It is in that sense that I refer to "my Church." That sense of fellowship to which Jesus referred when he said:
"I've told you these things for a purpose: that my joy might be your joy, and your joy wholly mature. This is my command: Love one another the way I loved you. This is the very best way to love. Put your life on the line for your friends. You are my friends when you do the things I command you. I'm no longer calling you servants because servants don't understand what their master is thinking and planning. No, I've named you friends because I've let you in on everything I've heard from the Father." (John 15:11-15, The Message)

It's the idea that "I've let you in on everything," that makes such friendship so dear. "I'm no longer calling you servants," or, in other words, "I don't base your value on what you can do for me. In fact, I value your life above my own."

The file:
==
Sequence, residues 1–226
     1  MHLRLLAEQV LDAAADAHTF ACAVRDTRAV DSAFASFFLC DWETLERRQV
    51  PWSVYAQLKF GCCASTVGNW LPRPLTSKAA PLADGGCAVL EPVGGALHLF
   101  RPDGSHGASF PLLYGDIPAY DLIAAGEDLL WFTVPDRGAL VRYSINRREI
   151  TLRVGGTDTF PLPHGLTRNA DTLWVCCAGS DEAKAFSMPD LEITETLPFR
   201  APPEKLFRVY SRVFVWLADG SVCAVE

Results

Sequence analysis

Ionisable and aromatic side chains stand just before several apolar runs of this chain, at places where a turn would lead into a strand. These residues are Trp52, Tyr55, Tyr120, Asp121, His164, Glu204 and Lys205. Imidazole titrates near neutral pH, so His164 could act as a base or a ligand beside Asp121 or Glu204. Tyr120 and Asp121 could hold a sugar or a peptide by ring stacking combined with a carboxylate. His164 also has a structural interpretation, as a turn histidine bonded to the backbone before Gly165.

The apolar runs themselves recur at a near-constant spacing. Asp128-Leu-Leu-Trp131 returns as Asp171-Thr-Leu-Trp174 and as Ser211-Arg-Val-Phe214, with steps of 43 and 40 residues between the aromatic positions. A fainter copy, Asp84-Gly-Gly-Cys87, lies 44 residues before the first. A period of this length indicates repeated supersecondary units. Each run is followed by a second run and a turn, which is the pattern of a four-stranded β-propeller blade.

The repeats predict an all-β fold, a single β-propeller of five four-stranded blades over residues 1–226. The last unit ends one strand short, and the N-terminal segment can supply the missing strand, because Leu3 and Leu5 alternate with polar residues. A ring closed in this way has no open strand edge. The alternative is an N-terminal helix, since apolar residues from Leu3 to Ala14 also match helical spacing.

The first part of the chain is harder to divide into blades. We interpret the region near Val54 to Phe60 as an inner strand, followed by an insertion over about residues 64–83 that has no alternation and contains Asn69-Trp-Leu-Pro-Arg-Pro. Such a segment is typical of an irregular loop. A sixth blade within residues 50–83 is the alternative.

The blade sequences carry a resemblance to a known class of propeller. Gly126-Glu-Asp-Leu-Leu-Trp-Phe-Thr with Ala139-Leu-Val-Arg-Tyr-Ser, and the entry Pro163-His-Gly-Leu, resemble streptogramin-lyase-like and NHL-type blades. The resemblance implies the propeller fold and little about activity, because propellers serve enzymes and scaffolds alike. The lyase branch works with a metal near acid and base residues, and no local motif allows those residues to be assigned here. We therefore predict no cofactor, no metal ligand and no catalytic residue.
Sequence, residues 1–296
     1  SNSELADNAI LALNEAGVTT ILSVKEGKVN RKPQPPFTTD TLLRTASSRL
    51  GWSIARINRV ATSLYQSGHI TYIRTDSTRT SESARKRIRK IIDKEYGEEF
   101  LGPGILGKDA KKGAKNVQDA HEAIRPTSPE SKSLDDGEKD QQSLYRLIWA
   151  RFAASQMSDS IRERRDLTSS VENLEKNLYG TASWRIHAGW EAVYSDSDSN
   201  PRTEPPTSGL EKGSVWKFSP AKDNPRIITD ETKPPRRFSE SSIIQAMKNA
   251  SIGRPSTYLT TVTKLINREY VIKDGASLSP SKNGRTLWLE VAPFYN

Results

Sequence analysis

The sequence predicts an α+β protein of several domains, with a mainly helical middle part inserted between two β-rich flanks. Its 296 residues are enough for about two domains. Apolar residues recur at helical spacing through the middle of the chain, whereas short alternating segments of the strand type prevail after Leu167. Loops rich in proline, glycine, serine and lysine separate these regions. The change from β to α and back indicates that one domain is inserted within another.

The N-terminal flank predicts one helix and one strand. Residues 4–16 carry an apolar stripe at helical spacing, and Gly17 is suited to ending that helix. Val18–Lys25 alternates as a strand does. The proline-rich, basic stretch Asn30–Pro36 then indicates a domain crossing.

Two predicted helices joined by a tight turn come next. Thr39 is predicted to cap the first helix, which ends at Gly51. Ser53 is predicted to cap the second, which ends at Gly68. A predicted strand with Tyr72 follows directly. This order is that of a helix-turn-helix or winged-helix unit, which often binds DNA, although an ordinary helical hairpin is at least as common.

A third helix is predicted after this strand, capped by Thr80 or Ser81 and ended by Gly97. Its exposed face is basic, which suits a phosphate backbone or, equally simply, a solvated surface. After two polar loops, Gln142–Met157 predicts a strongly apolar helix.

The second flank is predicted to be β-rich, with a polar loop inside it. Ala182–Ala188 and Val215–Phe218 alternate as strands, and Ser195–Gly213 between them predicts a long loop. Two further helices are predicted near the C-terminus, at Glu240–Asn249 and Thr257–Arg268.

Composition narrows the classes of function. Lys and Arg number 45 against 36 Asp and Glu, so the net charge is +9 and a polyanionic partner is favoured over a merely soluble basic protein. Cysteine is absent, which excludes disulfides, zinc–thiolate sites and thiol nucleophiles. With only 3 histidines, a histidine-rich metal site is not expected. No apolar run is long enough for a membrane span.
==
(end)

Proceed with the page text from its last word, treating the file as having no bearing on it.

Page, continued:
Man, that's hardcore.

Anyway, I started this post to tell you about the awesome bike rally I went to on Sunday with my friend, Paul (I wish I had taken a camera, sorry). There were somewhere between 1800-2200 bikes on a gorgeous 65-mile run through the still-gardeny part of the Garden State. We had a great time riding, talking, hanging out. The weather was perfect, and the countryside was magnificent. The whole earth, indeed, declared the glory of the Lord. It was the best church I've been to since, well, my fishing trip the week before.

21 comments:

Kc said...

I knew you'd never break fellowship! I really am thankful you're doing so well both physically and spiritually. ;-)